Understanding the intellectual processes of Eric Foner has always been a problematic exercise for me. He is one of the most respected and honored historians in the United States: student of my idol Richard Hofstadter; one of only two persons to serve as president of the Organization of American Historians, American Historical Association, and Society of American Historians; and one of perhaps a half-dozen historians to win both the Bancroft Prize (the “Academy Award,” if you will, of professional historians in the scholarly academy who acknowledge the best book of history published during a given year) and the Pulitzer Price for non-fiction in the same year. Recognition like that isn’t exactly the historian’s equivalent of a free prize in every package of cereal. Yet, perhaps one of the surest signs of brilliance is inconsistency. He readily recognizes the unique qualities of American freedom but possessed little more than the expected academic liberal’s knee-jerk reaction to the U.S. war in Iraq. For example, he rejects American exceptionalism but readily concedes that “in every index of power — military, economic, cultural, scientific — the United States far exceeds any other country,” an exceptional status unlike any other except Rome’s. (I have found that many scholars are very comfortable with the idea of American exceptionalism when it is applied to the idea of how uniquely wrong or bad the U.S. is.) It’s silly of me to accuse him of ideological faults when I obviously have my own ideological underpinnings. But, outside of his neo-Marxist interests in “people’s history” he has landed on both sides of the fence when examining a historical issue more times than not. My goodness, the man had a hand in revising the Disney Hall of Presidents at Walt Disney World.
But Foner stands out because of his long-standing respect, admiration, yet intense scrutiny of Abraham Lincoln. For 50 years, Lincoln has been one of the biggest heroes in the American pantheon to take down a notch. I won’t take time to write a histriographical essay on Lincoln revisionism, but I urge readers to consult Thomas L. Krannawitter’s Vindicating Lincoln: Defending the Politics of Our Greatest President to get some sense of the mud that has been slung at the marble statue called Abraham Lincoln. However, I have to give the late, great Howard Zinn honorable mention. In his A People’s History of the United States, Zinn described Lincoln as man who only became interested in the question of slavery when it was politically expedient to do so, and he was motivated to end slavery only when it would be done under the control of white business elites.
However, Foner recognizes something very human and very relevant about Lincoln: The man changed during his lifetime, and he changed with the times. In Foner’s latest book The Fiery Trial: Abraham Lincoln And American Slavery, he explains that Lincoln always said slavery was unjust and there is no proof anywhere that he thought otherwise. The crux of the matter is the obvious question: If slavery is unjust, what do you do about it? Lincoln, a man fascinated with politics and the pursuit of office for much of his adult life, absolutely examined the political issues around slavery, proposed policies, and had a view of what good policies toward the elimination of slavery would be. That doesn’t mean that Lincoln knew exactly how abolition would take place, or what kind of abolition the American people would stomach. In 19th century America, who did? We tend to think of abolition as a monolithic political movement. It was not. William Lloyd Garrison and his followers were the radicals who called for the secession of the North from the South and the destruction of the U.S. Constitution as a policy that would end slavery. John Brown wanted military uprisings. Various northern Whigs, then Republicans, floated policy ideas centered on containment. Not surprisingly, Lincoln was heavily influenced by his beaux ideal, the Great Conciliator Henry Clay who supported the colonization movement from his earliest days in Kentucky politics. Foner does a superb job of examining Lincoln in the light of the various strains of abolitionism, the support each garnered, and the practical questions of whether the legislative branch would be willing to support anything that eliminated slavery rather than limited it.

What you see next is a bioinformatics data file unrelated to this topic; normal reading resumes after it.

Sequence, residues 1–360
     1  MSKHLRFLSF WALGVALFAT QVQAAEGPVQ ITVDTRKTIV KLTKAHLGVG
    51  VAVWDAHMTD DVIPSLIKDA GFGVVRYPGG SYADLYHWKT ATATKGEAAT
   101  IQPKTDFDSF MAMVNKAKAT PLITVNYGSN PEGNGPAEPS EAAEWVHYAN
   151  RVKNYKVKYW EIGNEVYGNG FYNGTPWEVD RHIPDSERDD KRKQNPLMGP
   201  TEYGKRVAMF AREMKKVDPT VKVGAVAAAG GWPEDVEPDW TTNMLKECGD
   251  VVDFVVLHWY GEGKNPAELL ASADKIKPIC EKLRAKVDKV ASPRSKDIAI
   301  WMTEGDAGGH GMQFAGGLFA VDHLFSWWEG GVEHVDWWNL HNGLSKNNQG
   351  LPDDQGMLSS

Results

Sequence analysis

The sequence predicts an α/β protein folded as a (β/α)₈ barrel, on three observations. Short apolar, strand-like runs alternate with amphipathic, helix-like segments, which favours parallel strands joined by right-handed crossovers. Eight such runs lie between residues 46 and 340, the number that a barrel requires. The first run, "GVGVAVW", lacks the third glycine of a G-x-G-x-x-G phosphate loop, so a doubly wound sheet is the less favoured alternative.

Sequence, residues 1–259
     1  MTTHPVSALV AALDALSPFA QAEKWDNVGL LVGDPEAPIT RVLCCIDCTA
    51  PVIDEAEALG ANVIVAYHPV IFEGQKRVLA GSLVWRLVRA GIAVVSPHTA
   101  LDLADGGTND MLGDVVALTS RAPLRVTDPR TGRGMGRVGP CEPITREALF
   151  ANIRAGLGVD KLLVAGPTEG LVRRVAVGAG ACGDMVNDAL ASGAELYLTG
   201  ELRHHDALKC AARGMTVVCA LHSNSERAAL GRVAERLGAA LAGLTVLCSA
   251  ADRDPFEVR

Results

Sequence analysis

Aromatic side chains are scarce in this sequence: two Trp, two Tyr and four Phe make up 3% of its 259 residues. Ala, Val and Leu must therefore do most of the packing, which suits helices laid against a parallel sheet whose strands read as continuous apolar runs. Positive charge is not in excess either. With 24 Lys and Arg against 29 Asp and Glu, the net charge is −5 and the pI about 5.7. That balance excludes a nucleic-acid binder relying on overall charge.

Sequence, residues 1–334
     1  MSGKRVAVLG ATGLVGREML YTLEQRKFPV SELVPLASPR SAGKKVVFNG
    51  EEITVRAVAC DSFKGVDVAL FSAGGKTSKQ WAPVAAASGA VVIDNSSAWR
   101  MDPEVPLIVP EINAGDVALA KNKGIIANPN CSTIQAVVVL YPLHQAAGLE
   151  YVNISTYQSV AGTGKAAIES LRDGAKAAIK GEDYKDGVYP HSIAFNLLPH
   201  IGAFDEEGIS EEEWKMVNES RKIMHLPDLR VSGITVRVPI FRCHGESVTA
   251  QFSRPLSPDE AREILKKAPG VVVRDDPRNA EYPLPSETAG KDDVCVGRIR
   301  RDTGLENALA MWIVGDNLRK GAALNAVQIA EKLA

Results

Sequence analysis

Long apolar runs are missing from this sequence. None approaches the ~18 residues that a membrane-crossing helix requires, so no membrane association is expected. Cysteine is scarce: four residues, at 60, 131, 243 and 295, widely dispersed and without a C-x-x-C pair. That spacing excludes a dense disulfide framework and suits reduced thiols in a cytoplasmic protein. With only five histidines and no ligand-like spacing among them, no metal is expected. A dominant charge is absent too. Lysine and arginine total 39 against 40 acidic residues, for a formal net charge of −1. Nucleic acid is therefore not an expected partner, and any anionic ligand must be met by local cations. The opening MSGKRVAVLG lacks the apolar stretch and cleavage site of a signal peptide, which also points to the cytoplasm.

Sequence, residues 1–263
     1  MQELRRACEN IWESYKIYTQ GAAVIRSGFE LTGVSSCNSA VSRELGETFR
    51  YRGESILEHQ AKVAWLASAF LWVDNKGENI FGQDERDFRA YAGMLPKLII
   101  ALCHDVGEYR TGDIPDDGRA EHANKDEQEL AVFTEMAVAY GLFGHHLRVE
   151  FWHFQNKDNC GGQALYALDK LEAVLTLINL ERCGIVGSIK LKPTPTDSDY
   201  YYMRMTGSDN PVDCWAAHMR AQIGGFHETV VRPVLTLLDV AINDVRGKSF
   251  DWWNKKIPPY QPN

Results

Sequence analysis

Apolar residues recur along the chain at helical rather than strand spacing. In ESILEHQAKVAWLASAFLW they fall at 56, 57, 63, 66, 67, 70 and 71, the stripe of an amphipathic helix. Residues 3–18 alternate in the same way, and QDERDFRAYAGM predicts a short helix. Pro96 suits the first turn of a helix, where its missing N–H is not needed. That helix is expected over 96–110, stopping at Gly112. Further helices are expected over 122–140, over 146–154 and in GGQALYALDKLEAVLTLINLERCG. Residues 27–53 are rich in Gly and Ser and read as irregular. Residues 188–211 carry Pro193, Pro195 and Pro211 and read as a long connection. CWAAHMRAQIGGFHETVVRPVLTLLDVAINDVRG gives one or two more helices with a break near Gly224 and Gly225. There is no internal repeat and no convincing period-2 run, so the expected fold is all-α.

But Foner is at his best when he sees Lincoln aroused by the events of the 1850s, a period I will always call the Decade of the Impending Crisis thanks to my professor in those matters. From the Peoria Speech until the war, Lincoln embraces colonization, sticks with the idea of limiting the expansion of slavery (one of Henry Clay’s signature achievement is the Missouri Compromise), and sees political abolition as the route for the nation. However, Foner’s examination of the Emancipation Proclamation, proclaims that it is a radical document (that’s an opinion far removed from Hofstadter’s assessment of the proclamation) that is among the most important presidential decisions in U.S. history. In addition, Foner examines how Lincoln did two things that changed the nation forever: He withdrew any comment regarding compensation for the freeing of slaves and placed slaves in a position to seize their own freedom as soldiers in the Union Army. Throughout his lifetime, Lincoln had seen nothing but the clashes that occurred in inter-racial society. Now, he would as president begin the nation’s quest for an inter-racial society that treated black Americans as human beings. Not a surprising result from a man who said publically that all of his political thoughts stemmed from the Declaration of Independence. Foner’s book is my pleasant surprise during my summer review of the latest titles I can find in U.S. history.